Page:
One of Christchurch's few remaining iconic buildings is likely to be repaired.
The city council's community, recreation and culture committee today voted to repair the town hall at a cost of $127.5 million.
The Sir Miles Warren-designed building, which opened in 1972, is insured for $68.9 million.
Sir Miles said: "To my mind and a very large group of people the idea to restore the town hall was crucial to the city. We have lost so much heritage in the earthquakes so to have made the first step in retaining a part of it, is great. It's been a very long complex process that still has a long way to go yet."
The full city council will meet on November 22 to decide whether to endorse today's decision.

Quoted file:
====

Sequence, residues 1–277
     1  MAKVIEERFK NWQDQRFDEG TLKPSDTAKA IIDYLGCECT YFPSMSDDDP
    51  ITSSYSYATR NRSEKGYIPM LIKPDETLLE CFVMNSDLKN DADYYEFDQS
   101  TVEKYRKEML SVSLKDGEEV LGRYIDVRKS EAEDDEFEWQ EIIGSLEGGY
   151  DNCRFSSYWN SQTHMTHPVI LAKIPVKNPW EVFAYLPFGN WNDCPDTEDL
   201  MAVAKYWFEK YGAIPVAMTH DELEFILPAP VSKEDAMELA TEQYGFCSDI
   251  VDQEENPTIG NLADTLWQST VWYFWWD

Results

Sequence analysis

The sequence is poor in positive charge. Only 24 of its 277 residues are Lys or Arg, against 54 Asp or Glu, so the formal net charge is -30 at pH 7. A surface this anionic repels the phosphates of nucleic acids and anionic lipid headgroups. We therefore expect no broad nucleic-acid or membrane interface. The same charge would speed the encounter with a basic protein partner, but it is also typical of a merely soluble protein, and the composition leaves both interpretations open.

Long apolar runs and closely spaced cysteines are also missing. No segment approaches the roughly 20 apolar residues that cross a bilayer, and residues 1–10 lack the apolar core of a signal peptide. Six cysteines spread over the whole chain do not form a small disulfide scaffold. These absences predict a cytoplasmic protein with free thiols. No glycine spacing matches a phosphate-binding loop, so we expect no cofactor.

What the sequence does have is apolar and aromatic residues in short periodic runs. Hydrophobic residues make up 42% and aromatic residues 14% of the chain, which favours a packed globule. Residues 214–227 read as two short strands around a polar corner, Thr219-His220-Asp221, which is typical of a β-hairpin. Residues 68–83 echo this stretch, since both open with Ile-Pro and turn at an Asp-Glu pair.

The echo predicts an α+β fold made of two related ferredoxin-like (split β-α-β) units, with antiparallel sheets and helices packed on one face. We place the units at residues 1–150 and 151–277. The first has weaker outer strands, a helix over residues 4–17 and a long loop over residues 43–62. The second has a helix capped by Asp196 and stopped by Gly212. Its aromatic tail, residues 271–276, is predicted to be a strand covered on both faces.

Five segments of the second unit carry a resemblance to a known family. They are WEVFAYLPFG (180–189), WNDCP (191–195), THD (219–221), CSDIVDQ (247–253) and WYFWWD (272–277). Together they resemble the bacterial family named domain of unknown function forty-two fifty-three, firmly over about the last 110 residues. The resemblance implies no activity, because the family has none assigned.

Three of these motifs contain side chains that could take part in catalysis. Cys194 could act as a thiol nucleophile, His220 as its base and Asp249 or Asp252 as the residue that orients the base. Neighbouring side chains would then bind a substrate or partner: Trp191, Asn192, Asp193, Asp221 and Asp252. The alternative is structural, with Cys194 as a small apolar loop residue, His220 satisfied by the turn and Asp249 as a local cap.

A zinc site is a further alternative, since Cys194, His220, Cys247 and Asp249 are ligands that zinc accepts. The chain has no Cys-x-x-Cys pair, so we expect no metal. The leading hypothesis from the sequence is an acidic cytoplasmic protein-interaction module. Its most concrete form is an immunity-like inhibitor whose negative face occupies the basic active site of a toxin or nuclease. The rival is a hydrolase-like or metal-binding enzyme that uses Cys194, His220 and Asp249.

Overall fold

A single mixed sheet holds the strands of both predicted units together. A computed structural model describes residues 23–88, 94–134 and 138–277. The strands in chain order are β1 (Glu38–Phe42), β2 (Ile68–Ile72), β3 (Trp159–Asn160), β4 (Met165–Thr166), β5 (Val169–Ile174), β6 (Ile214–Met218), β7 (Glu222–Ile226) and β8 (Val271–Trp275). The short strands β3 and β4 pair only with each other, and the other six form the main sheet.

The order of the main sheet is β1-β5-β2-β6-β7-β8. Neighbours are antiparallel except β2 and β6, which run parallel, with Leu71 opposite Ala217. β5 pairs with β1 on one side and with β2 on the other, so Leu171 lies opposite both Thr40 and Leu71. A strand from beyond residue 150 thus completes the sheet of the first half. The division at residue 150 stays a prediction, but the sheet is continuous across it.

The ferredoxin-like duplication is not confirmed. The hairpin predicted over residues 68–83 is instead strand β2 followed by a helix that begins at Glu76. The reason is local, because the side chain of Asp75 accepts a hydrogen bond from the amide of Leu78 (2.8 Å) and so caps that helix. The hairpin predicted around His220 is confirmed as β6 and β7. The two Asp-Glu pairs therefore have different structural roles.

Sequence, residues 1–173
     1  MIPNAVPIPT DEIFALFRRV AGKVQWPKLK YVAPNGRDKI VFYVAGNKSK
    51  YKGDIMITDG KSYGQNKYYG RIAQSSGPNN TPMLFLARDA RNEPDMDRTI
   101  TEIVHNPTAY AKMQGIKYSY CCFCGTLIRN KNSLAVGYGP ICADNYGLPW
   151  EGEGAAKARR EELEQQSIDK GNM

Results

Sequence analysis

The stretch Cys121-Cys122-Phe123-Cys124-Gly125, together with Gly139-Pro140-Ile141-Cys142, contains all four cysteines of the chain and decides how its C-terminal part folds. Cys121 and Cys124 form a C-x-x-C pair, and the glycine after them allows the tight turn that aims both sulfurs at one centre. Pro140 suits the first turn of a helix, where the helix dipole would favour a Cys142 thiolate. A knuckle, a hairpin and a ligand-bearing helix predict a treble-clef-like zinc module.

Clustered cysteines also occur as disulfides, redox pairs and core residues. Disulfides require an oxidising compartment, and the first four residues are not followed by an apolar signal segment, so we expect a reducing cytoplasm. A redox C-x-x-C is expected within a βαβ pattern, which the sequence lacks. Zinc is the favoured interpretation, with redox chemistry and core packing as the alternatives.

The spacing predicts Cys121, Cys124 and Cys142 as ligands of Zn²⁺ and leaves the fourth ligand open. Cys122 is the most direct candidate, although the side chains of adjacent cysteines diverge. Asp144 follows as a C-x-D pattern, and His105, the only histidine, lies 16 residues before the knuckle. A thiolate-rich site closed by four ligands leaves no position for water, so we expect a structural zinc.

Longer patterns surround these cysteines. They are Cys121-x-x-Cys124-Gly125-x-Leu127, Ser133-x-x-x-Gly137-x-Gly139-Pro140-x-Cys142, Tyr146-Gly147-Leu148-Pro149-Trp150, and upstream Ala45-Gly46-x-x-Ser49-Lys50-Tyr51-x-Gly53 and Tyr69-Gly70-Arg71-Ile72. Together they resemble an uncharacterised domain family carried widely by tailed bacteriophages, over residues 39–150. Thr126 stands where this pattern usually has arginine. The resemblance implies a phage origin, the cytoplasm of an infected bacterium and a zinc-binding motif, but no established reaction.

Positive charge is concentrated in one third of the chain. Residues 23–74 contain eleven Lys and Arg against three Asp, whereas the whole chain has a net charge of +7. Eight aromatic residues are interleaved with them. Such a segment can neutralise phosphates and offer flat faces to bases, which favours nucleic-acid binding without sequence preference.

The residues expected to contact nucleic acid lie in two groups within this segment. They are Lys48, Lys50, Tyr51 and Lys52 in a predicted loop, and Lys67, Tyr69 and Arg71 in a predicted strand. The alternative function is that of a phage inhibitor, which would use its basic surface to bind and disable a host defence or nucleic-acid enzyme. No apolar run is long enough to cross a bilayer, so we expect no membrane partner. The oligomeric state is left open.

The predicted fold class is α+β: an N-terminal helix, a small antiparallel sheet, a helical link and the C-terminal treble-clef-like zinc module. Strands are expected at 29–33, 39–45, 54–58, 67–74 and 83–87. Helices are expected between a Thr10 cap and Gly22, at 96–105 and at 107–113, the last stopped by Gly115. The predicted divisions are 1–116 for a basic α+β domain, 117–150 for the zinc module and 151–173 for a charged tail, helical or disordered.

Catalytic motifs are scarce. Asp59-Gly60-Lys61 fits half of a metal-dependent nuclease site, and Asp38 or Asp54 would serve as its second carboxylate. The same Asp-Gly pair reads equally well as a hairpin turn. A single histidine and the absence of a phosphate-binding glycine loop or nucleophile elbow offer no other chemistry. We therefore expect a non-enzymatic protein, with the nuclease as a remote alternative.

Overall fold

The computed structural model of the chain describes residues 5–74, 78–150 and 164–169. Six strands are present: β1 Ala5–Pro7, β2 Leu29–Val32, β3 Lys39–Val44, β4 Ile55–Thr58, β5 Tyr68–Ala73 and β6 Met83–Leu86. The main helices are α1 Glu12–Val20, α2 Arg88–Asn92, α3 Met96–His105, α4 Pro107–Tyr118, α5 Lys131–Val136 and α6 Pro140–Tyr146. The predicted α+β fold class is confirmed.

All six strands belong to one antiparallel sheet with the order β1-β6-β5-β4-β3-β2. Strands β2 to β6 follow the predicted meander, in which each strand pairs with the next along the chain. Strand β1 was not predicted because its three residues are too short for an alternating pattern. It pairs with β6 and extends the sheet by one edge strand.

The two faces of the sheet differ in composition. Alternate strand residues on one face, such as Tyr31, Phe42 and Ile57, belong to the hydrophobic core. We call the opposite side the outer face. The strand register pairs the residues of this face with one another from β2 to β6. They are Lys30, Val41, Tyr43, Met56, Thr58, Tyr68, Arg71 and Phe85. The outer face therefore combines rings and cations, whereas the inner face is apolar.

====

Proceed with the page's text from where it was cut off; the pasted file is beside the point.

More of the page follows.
But Cr Glenn Livingstone said he would be seeking answers from council chief executive Tony Marryatt over why the town hall was insured for much less than its repair cost.
He believed ratepayers would end up paying for the difference between the repair cost and the insurance cover.
"Personally I don't think it's fair that ratepayers should fund the shortfall, especially with everything that's happened with the earthquakes and ratepayers having to pay for other things in the city," he said.
"The problem is that the town hall is valued so highly by the community. It's the price we pay for something people really want.
"I will be asking Mr Marryatt if there are any other creative ways that the shortfall could be funded and I would like to know why the town hall was under insured because the cost to ratepayers is very high. It is a lot of money for ratepayers to cough up," he said.
The committee decided against a council staff recommendation to fix only the auditorium and demolish the rest of the town hall.